Maybe that’s because at the heart of this often witty novella is a serious battle between redemption and revenge. Henry made me think of Raskolnikov in Dostoyevsky’s Crime and Punishment, a man who thought that his superior intellect gave him rights denied to other human beings, including the right to kill — until he does it and comes unstrung, then later confesses his crime and seeks redemption. In Retina Green, Henry also buys into this Great Man status conferred on him as a power broker at the inquest, but when he causes someone’s death, he, too, comes apart until he realizes — maybe too late — that beyond self-loathing is a desire for redemption — in his words, “for a better purpose.” In the novella, Filter often alludes to another literary great — Captain Ahab, hell-bent on revenge in Melville’s Moby Dick, and he points to the futility of going down in rage with that metaphorical white whale.  The book leaves us wondering if forgiveness is possible among desperate people — and it does all this with wit, insight and poetry. This is Reinhard Filter’s first novella. I’ll be looking forward to the next one.

Reinhard Filter’s Retina Green is published in Toronto by Quattro Books.

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Two Novellas: Benoit Duteurtre’s Customer Service and Gale Zoe Garnett’s Room Tone

Two very entertaining — and short — reads for you today, both of them novellas. The first one is by a young French author named Benoit Duteurtre, and it has the delicious title of Customer Service. Right. Aren’t we all just waiting for someone to come along and skewer all those outrageous phone menus that lead you down some sinkhole in a parallel universe where you’ll never get any service? That’s what the book is about and since Benoit Duteurtre was a young protege of Samuel Beckett, you can guess that his sense of the absurd is fine-tuned, to say the least. The very title Customer Service has a kind of savage Orwellian cruelty, but don’t go looking for profound insights, depth of character or lyrical language. This is satire with a sure sense of the ridiculous — and it’s a very funny read. The story, told in the first person, concerns a young man whose parents give him a very high-tech cellphone that he can’t live without – until one day he loses it in a cab. Then he discovers that his parents had also bought him a plan with benefits that did not apply if the phone were lost. In other words, our poor friend would have to keep paying for this plan for a year even without the phone, while having to buy a new phone and a new plan. Got that? Has this happened to you? Read on, as the poor guy’s phone-menu hell begins. Recalling that he was a preferred customer, he fights his way through a Kafkaesque blur of telecommunications bureaucrats, becoming outraged and hysterical, only to find that the named Customer Service rep does not exist. I won’t tell you what happens after that, because the remainder of the story veers off into a wonderland of wierdness. I just wonder why there aren’t more satirists working this same rich lode of terminal idiocy. That’s Customer Service by Benoit Duteurtre, published in 2008 by Melville House in Brooklyn, New York.  Go to www.mhpbooks.com.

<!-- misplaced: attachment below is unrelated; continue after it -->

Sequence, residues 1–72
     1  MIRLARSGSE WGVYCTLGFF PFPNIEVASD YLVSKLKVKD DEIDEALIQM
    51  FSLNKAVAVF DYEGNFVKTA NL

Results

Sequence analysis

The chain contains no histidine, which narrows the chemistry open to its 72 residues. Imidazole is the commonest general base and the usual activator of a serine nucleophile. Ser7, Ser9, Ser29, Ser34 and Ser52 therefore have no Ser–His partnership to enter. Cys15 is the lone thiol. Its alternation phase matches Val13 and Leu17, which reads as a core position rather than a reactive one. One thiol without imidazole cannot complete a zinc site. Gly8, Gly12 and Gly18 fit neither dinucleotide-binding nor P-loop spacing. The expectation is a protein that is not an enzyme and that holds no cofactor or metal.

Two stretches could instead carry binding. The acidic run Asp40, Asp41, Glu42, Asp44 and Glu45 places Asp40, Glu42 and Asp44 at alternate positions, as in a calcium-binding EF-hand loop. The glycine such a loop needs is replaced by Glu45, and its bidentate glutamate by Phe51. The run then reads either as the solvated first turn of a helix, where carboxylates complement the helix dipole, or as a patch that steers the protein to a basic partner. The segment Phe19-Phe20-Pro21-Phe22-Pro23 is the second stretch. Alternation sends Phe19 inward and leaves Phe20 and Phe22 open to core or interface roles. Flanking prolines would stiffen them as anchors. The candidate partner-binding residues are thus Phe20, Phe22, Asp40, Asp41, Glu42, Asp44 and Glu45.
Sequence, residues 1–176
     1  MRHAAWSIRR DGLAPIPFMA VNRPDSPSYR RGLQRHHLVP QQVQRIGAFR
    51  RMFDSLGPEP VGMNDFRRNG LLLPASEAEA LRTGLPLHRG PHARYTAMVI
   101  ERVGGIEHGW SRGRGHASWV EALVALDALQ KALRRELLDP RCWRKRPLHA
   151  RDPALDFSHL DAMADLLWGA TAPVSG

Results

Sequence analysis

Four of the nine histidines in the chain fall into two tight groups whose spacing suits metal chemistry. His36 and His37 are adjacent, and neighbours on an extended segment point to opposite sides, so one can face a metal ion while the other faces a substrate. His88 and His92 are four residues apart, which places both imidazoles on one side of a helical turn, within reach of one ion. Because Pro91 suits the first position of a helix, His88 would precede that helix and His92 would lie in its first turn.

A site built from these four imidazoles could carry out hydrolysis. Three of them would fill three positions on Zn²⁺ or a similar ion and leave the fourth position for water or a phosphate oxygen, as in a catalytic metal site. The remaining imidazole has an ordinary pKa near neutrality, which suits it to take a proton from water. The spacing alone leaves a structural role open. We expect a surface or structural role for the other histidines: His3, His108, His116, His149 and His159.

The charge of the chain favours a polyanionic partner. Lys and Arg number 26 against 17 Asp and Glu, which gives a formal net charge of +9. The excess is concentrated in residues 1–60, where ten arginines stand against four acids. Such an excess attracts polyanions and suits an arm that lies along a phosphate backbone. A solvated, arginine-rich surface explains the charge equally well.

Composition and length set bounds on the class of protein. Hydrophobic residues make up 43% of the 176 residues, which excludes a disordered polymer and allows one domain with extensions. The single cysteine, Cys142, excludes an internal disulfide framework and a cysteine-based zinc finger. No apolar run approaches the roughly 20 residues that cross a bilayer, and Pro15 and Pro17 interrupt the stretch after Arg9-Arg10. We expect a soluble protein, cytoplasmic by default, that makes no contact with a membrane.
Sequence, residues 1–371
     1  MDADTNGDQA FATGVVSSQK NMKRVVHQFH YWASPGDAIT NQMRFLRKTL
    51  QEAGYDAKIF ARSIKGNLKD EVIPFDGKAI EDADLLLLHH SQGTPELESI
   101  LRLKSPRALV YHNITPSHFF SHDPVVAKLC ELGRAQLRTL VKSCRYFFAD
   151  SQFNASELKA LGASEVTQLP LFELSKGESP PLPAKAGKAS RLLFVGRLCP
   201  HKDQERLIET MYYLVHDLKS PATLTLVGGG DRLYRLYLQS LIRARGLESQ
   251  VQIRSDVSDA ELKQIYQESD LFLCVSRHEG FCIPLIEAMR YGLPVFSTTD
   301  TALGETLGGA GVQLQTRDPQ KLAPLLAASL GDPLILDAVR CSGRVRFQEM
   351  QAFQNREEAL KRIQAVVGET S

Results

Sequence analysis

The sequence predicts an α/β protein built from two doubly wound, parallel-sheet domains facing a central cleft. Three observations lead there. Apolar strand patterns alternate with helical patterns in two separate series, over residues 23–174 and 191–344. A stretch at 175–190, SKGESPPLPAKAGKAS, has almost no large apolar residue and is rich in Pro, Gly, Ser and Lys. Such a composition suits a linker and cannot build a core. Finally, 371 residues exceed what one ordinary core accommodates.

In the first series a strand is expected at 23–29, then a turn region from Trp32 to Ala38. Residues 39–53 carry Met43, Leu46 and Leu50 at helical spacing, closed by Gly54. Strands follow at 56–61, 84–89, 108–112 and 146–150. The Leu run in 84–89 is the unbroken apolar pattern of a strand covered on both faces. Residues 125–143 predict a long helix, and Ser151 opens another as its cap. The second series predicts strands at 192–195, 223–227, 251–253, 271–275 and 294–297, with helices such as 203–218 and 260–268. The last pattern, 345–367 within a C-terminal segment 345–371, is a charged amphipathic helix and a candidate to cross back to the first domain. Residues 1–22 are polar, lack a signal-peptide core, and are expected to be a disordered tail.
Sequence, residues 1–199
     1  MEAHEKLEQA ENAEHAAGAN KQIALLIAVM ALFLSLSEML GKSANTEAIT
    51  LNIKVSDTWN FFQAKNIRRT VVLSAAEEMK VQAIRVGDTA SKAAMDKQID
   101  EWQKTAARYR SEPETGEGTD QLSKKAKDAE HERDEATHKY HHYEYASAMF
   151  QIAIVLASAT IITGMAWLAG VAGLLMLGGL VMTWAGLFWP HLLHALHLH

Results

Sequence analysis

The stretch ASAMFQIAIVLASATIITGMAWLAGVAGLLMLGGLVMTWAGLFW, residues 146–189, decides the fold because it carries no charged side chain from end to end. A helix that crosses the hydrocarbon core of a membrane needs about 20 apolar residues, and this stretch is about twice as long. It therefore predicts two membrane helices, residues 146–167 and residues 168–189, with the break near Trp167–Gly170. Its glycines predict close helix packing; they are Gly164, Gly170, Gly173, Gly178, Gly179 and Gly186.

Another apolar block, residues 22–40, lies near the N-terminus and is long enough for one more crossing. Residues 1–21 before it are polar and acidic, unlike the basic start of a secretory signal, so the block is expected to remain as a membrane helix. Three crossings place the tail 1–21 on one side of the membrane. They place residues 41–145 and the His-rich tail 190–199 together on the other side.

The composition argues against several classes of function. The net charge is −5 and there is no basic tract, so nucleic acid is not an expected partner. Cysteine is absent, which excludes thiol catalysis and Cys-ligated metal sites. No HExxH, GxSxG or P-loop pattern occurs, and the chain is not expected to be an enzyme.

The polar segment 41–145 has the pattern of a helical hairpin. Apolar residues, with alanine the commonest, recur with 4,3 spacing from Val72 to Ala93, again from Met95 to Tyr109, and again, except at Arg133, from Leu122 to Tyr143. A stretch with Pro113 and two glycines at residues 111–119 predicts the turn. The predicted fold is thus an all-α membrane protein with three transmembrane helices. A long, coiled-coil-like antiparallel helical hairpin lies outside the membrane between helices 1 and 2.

Now another novella, this one by Canadian writer Gale Zoe Garnett, who’s also a poet and an actor. Her book Room Tone has been out for a while now, but I’ve just caught up with this affectionate insider’s look at the world of film. The story’s told through the eyes of Nica Lind, the child of a French new-wave film star and a Danish photographer. The title of the book refers to the practice of recording the sound of a room, in case it’s required as background if some film dialogue has to be re-recorded. It also points to the state of silence on the set while this is happening, a calm which joins everyone in a co-operative and meditative state of mind.

Told in the first person, the story is written in the intimate voice of innocence lost and wisdom found, as Nica, who makes her way as a serious film actress in Europe, is invited to work in Hollywood. There’s plenty of wit in the writing, as the tone changes from high-minded artistry to Hollywood-agent bombast and ridiculousness.  How a frustrated actress negotiates the rocky shoals of money vs. art unfolds nicely in this slim book which is divided into old-fashioned chapter headings: ‘Nica Enters The Family Business,’ ‘Big Face, Small Voice,’ ‘All the Action.’ Each of these creates distance, and each hints that what follows ought to be read with a bit of ironic detachment and good humour. Over all, it works. The last scene with Nica riding the Helsinki ferry with her dad has a lovely tranquility which evokes the cinematic idea of room tone as a still moment that calms all fear and anxiety . “No past, no future. Only the early morning light,” she says. “Only the room tone.” I would have dropped that final sentence, that nudge in the ribs about the room tone. We could hear and feel it ourselves in the deft writing which preceded it. Over-all, it’s a nicely-written novella. That’s Room Tone by Gale Zoe Garnett, published in 2007 by Quattro Books in Toronto. Their website is http://www.quattrobooks.ca.